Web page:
Tag Archives: science

Science is Awesome! Scoring and Teaching GED® Science Test Short Answer Responses

Welcome to the VAILL Conference, either in person or online!

What can test-takers expect on the GED® Science Test? TWICE in Science the test will present a short text or visual (called the stimulus) and recommends that test-takers use no longer than 10 minutes to write a response according to the directions (called the prompt).

GED® Testing Service created a Science Short Answer Response Resource Guide that includes:

  • Two samples of readings and prompts.
  • 6 real responses from simulated test takers.
  • Detailed information on the scores provided by Subject Matter Experts.

We will explore portions of this guide to understand and practice scoring, then consider some instructional activities from Teaching Adults: A 2014 GED® Test Resource Book to prepare adult learners for this portion of the test (and life).

And here’s an additional graphic organizer that isn’t even in the book!

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Filed under Adult Education, GED Science, GED Test Instructors, GED Test Preparation

Beyond the Textbook: Additional Texts for GED® Test Preparation

Participants in my session on (Re)Writing History: Scoring GED® Social Studies Test Extended Response asked this great question:

In addition to published textbooks, where can I find quality non-fiction stimulus text and visuals as the basis for lesson plans and assignments?

For their (and your!) future reference, here is the list we generated:

Many newspapers also have lesson plans available for their content subscribers. This can engage adult learners while supporting journalism in our communities.

Newspapers to subscribe to for lesson plans/activities:

Do you have additional resources to add to this list?

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Filed under Adult Education, GED English Language Arts, GED Math, GED Science, GED Social Studies, GED Test Instructors, GED Test Preparation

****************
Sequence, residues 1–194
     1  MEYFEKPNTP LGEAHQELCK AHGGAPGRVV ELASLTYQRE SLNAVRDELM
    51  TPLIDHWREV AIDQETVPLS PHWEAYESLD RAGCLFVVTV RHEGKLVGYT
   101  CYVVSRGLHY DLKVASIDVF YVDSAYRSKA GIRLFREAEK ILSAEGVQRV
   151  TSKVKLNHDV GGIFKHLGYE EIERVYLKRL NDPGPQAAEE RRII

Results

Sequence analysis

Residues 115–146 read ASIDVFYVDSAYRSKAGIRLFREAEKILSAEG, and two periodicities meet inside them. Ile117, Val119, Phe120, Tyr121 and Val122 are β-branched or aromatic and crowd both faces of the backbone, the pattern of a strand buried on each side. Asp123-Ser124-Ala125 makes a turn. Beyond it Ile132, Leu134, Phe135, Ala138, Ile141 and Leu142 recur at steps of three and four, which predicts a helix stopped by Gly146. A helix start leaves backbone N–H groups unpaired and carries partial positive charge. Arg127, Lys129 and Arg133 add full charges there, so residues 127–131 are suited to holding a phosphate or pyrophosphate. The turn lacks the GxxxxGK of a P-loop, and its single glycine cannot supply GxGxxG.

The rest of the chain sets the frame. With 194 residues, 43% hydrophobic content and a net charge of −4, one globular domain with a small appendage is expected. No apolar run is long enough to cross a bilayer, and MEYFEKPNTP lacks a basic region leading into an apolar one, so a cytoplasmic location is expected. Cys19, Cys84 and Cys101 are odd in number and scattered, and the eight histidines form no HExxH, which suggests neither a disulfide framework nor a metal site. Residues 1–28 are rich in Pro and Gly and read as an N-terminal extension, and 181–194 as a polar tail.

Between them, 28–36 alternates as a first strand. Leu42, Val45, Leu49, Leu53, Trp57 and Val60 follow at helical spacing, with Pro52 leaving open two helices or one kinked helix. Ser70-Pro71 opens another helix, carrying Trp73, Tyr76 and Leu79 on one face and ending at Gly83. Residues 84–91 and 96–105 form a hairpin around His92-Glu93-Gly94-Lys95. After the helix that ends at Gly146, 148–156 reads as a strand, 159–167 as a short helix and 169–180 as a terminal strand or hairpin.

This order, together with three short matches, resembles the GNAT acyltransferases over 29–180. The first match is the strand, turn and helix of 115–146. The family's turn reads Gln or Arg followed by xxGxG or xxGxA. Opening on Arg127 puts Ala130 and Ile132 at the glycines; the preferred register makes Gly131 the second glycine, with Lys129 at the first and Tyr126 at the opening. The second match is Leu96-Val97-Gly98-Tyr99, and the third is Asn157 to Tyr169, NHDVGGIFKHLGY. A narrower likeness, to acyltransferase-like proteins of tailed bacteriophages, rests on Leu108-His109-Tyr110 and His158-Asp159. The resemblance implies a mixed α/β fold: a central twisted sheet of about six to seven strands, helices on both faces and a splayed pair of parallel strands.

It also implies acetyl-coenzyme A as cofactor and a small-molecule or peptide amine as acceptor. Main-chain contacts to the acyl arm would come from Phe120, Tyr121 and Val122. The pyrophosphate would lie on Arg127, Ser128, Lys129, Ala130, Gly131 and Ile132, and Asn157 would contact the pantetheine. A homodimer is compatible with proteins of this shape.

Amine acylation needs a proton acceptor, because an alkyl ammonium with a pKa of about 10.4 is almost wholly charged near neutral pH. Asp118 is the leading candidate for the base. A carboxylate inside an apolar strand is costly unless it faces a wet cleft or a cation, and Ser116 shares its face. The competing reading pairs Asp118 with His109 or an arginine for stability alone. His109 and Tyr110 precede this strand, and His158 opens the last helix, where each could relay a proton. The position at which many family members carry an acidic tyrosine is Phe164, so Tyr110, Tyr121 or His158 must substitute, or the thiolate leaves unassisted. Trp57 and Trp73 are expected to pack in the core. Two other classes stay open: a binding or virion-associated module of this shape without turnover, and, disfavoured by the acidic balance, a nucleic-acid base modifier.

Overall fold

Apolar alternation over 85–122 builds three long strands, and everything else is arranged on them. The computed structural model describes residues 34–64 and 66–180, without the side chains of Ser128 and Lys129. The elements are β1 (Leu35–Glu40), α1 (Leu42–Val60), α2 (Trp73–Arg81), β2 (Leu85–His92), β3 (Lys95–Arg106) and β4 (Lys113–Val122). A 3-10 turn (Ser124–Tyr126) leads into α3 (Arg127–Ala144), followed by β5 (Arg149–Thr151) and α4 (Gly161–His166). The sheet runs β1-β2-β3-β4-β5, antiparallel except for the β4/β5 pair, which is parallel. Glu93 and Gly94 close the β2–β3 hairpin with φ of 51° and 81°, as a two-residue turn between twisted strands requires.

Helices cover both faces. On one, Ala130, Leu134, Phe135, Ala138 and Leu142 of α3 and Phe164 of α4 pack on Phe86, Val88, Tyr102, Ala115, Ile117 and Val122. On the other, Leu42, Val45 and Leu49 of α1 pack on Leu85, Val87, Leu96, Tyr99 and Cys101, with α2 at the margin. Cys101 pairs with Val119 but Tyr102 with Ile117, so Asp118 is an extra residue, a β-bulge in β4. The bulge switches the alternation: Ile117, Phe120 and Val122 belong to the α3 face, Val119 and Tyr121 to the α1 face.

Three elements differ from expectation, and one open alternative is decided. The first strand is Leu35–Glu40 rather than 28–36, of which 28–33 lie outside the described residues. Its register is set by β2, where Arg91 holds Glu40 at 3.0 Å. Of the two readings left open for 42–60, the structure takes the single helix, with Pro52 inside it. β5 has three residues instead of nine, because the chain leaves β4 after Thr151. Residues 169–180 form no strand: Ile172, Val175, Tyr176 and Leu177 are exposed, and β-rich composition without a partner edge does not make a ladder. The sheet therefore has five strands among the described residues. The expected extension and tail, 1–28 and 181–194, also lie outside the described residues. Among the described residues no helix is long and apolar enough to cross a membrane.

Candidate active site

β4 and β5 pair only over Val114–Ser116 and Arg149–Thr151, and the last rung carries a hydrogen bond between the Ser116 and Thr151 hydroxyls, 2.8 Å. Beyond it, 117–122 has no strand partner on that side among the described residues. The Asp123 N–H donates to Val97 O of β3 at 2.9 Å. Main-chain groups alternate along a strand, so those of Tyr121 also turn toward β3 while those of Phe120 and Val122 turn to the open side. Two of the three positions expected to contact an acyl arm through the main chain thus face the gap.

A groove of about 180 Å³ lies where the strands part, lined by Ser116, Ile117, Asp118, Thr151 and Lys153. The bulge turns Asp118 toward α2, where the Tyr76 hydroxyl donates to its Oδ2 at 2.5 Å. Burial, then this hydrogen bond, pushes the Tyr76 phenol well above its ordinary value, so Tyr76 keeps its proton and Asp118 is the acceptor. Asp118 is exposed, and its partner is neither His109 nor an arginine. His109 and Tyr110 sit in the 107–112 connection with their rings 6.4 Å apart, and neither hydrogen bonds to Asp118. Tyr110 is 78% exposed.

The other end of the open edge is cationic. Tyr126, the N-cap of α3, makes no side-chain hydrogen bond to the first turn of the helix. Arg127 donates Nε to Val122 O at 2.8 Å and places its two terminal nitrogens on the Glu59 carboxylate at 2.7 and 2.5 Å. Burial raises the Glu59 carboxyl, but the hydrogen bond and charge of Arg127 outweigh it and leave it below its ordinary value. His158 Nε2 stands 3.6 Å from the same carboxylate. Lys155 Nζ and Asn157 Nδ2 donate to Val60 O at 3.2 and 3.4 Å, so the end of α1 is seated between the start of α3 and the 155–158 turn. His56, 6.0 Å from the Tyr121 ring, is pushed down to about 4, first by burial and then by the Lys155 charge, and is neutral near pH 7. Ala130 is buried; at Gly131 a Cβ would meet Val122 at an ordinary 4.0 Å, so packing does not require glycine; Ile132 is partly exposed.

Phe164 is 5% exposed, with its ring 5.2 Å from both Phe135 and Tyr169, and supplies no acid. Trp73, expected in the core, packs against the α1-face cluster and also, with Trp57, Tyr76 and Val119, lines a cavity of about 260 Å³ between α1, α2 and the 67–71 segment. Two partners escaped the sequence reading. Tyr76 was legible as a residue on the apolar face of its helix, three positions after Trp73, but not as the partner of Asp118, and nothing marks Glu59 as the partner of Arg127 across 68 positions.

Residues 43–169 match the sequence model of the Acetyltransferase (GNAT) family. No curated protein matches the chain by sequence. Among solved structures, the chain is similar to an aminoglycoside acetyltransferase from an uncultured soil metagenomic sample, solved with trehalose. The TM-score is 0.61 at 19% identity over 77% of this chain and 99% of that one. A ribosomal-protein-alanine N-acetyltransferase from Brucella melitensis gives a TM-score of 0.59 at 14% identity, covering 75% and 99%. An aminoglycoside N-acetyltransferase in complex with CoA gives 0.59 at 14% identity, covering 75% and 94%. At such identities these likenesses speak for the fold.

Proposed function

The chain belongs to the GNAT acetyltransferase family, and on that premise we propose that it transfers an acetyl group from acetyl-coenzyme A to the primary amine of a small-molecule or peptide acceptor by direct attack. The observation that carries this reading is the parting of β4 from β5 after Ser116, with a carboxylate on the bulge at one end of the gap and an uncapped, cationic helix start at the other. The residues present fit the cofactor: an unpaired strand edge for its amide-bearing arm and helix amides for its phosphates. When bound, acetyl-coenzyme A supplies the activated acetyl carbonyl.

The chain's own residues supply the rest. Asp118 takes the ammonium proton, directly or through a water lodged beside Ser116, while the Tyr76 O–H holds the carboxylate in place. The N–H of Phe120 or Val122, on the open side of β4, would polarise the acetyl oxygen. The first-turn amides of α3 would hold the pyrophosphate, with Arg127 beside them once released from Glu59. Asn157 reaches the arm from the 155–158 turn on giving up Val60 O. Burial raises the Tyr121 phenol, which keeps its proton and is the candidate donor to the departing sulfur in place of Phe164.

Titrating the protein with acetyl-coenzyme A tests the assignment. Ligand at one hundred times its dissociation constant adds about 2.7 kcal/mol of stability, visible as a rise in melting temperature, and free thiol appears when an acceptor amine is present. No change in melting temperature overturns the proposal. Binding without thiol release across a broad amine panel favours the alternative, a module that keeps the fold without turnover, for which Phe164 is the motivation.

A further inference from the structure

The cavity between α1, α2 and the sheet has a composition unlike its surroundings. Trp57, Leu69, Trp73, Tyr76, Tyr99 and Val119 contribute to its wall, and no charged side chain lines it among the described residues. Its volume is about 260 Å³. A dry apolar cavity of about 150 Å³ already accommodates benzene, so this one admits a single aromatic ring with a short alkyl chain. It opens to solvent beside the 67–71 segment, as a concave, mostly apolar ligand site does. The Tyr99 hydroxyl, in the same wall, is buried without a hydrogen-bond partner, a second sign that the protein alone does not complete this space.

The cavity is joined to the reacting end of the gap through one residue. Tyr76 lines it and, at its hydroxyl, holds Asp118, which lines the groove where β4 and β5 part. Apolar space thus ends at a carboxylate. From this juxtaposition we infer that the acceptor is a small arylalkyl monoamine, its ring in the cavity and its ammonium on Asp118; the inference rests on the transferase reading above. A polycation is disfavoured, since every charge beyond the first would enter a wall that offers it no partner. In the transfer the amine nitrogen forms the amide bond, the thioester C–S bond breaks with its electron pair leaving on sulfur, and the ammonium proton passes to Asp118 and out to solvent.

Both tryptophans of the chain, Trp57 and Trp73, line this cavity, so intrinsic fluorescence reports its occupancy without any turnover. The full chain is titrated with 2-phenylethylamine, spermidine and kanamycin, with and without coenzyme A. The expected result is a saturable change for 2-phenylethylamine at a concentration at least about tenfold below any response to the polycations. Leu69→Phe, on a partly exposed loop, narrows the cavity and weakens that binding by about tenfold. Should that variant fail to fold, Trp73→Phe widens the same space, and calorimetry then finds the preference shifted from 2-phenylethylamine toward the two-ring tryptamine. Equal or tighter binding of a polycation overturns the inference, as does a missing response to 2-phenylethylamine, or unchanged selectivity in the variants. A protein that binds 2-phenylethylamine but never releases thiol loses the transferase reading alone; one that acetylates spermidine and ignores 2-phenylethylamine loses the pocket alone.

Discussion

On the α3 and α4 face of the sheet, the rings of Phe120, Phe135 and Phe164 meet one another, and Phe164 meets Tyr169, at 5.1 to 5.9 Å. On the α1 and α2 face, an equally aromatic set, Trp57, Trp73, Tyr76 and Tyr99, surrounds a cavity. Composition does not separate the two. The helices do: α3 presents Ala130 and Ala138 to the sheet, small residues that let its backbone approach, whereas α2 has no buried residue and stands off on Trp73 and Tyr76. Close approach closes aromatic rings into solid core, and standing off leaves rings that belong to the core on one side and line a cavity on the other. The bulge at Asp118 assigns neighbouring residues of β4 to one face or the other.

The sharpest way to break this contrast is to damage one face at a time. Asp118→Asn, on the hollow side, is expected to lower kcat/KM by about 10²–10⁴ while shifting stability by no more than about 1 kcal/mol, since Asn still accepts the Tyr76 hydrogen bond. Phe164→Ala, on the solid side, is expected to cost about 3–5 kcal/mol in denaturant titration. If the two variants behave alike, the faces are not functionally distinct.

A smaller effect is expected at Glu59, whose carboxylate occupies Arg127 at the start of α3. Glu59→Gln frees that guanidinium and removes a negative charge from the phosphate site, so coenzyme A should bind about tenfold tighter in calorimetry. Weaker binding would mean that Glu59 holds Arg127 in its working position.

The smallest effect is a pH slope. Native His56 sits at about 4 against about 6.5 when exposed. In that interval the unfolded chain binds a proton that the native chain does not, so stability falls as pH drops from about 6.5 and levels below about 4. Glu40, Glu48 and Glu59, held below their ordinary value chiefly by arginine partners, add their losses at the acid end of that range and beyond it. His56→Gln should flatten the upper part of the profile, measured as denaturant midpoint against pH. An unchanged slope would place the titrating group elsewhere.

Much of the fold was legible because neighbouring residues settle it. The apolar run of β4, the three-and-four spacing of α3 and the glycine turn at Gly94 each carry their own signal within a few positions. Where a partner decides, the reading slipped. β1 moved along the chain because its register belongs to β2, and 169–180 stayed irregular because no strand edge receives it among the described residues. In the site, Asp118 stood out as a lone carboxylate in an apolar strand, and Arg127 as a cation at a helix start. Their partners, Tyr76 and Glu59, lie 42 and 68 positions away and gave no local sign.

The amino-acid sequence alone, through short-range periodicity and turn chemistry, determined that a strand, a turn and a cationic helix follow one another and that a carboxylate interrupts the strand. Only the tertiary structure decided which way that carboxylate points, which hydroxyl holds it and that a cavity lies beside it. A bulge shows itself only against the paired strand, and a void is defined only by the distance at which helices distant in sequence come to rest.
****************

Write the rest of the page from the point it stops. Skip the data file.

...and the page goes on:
Six FREE Amazing Websites for GED® Test Prep

There so many websites for excellent, free content for GED® Test Preparation!

ProLiteracy Education Network

Free online resources and professional development for adult education students, instructors & administrators by ProLiteracy.

Example: 26 Tips for Working with Your Child’s Teacher

The Beehive

“Free help with money, housing, jobs, health and school. Available in English and Spanish.”

Example: Digital Basics: Learn How to Use the Computer and Internet Safely and Intelligently

Video: How to use the beehive

TV411

“TV411 is a collection of entertaining videos and engaging web activities, all designed to help you reach your learning goals. Pick a topic—reading, writing, vocabulary, math, science, or finance—and get started.”

Example: Fractions and Rhythm

GCF Learn Free

Quality online tutorials and courses for “anyone who wants to improve the technology, literacy and math skills needed to be successful in both work and life.”

Example: GCF Literacy Project

Khan Academy

Free videos and practice problems, mostly focused on mathematics but slowly expanding. The unique part of this site is not its content, but how students (and teachers) can track their progress using a free Facebook or Google account.

Example: The Beauty of Algebra

It can be hard to narrow your choices which content to use. This is especially true on sites like YouTube. Before you start, ask yourself this question: